“Design” and “Evolution” in curriculum development

tumblr_lj8a50nUXv1qi0qqro1_500Awesome quote from Linus Torvalds (creator of the Linux kernel) on the difference between evolution and design.

Don’t ever make the mistake [of thinking] that you can design something better than what you get from ruthless massively parallel trial-and-error with a feedback cycle. That’s giving your intelligence much too much credit.

For implementing the module that I ended up evaluating for my PhD project, we approached the initial phase with design that was heavily based on the literature, learning theories and teaching frameworks because we needed a solid foundation. However, once the module was up and running, we switched to evolving it over time with rapid iteration based on feedback from both students and facilitators. This process of evolving the module based on regular feedback identified problems that we couldn’t have predicted in advance and created solutions that we couldn’t have developed through design alone.

assessment learning physiotherapy students teaching workshop

Teaching and learning workshop at Mont Fleur

Photo taken while on a short walk during the retreat.

A few weeks ago I spent 3 days at Mont Fleur near Stellenbosch, on a teaching and learning retreat. Next year we’re going to be restructuring 2 of our modules as part of a curriculum review, and I’ll be studying the process as part of my PhD. That part of the project will also form a case study for an NRF-funded, inter-institutional study on the use of emerging technologies in South African higher education.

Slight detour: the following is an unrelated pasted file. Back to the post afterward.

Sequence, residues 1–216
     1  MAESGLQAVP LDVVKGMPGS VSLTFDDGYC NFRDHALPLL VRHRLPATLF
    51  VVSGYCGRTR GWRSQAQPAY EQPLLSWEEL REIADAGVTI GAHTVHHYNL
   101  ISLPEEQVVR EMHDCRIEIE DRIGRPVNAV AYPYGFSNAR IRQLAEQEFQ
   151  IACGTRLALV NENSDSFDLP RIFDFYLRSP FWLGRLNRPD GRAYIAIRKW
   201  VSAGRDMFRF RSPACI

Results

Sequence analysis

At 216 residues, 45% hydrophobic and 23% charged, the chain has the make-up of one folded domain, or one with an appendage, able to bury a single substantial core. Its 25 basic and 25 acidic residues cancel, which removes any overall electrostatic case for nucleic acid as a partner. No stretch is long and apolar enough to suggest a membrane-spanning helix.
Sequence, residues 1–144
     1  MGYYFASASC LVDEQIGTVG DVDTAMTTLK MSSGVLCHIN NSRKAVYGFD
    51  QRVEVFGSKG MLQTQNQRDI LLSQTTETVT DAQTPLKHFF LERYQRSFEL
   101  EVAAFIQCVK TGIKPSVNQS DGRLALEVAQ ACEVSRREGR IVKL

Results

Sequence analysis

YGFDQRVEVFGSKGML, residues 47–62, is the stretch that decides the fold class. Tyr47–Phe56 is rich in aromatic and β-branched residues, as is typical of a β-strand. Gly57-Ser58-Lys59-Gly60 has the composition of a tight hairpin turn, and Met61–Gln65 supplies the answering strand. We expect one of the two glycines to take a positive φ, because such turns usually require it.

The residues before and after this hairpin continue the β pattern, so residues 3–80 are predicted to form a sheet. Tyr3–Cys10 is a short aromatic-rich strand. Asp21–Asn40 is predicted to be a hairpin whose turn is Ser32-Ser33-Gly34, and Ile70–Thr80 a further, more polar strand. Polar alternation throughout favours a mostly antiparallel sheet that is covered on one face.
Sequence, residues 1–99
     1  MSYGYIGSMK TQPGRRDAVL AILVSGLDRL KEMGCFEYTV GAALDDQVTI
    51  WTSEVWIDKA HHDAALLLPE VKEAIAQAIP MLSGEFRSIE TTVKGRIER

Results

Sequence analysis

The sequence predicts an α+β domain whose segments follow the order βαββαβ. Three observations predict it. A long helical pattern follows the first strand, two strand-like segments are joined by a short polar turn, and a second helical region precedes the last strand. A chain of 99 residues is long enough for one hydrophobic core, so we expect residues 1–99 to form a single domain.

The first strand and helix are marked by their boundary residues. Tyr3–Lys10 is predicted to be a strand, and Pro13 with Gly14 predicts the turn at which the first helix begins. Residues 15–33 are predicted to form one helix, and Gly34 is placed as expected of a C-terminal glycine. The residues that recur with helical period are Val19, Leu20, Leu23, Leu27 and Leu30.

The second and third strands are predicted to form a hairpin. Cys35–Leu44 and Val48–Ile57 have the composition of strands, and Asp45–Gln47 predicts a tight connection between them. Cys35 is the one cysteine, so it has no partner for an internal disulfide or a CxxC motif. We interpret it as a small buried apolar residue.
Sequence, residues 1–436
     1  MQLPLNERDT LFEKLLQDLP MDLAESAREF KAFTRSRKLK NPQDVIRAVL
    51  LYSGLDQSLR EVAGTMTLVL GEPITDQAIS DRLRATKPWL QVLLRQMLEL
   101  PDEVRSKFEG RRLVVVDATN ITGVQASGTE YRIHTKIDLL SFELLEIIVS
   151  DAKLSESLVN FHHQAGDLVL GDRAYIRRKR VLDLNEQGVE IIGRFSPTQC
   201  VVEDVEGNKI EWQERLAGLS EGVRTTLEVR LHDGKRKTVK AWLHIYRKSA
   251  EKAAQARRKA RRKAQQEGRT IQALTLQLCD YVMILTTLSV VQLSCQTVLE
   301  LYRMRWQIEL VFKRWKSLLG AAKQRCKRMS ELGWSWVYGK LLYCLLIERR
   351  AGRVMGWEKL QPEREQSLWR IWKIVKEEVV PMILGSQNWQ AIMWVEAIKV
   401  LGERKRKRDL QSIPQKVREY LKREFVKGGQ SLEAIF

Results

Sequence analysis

I used the workshop as an opportunity to develop some of the ideas for how the module will change (more on that in another post), and these are the notes I took during the workshop. Most of what I was writing was specific to the module I was working with, so these notes are the more generic ones that might be useful for others.


Content determines what we teach, but not how we teach. But it should be the outcomes that determine the content?

“Planning” for learning

Teaching is intended to make learning possible / there is an intended relationship between teaching and learning

Learning = a recombination of old and new material in order to create personal meaning. Students bring their own experience from the world that we can use to create a scaffold upon which to add new knowledge

We teach what we usually believe is important for them to know